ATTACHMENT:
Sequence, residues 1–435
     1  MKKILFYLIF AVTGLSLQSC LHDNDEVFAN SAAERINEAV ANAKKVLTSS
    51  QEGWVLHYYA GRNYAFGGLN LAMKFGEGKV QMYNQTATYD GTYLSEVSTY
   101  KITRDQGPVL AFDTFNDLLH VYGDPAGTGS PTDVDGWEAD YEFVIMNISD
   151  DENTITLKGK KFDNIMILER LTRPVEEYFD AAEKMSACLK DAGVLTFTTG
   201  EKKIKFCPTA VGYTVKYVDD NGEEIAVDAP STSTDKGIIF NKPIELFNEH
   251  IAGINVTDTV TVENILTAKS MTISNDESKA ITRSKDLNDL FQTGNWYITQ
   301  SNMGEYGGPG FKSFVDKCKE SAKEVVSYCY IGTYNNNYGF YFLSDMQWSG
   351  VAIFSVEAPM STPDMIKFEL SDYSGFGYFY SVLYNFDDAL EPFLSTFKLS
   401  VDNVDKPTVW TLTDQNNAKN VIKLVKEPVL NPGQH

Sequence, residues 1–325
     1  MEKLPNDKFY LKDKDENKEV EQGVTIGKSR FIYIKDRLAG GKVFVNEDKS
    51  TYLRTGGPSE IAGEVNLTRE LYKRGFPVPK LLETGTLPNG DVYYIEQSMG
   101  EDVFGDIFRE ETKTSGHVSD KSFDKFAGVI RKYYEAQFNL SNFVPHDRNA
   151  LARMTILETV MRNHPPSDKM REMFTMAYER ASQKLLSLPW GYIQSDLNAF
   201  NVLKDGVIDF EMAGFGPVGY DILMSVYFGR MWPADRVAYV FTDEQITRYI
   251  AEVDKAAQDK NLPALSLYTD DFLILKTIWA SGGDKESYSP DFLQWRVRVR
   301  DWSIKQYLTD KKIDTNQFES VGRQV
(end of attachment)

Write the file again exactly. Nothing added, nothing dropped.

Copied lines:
Sequence, residues 1–435
     1  MKKILFYLIF AVTGLSLQSC LHDNDEVFAN SAAERINEAV ANAKKVLTSS
    51  QEGWVLHYYA GRNYAFGGLN LAMKFGEGKV QMYNQTATYD GTYLSEVSTY
   101  KITRDQGPVL AFDTFNDLLH VYGDPAGTGS PTDVDGWEAD YEFVIMNISD
   151  DENTITLKGK KFDNIMILER LTRPVEEYFD AAEKMSACLK DAGVLTFTTG
   201  EKKIKFCPTA VGYTVKYVDD NGEEIAVDAP STSTDKGIIF NKPIELFNEH
   251  IAGINVTDTV TVENILTAKS MTISNDESKA ITRSKDLNDL FQTGNWYITQ
   301  SNMGEYGGPG FKSFVDKCKE SAKEVVSYCY IGTYNNNYGF YFLSDMQWSG
   351  VAIFSVEAPM STPDMIKFEL SDYSGFGYFY SVLYNFDDAL EPFLSTFKLS
   401  VDNVDKPTVW TLTDQNNAKN VIKLVKEPVL NPGQH

Sequence, residues 1–325
     1  MEKLPNDKFY LKDKDENKEV EQGVTIGKSR FIYIKDRLAG GKVFVNEDKS
    51  TYLRTGGPSE IAGEVNLTRE LYKRGFPVPK LLETGTLPNG DVYYIEQSMG
   101  EDVFGDIFRE ETKTSGHVSD KSFDKFAGVI RKYYEAQFNL SNFVPHDRNA
   151  LARMTILETV MRNHPPSDKM REMFTMAYER ASQKLLSLPW GYIQSDLNAF
   201  NVLKDGVIDF EMAGFGPVGY DILMSVYFGR MWPADRVAYV FTDEQITRYI
   251  AEVDKAAQDK NLPALSLYTD DFLILKTIWA SGGDKESYSP DFLQWRVRVR
   301  DWSIKQYLTD KKIDTNQFES VGRQV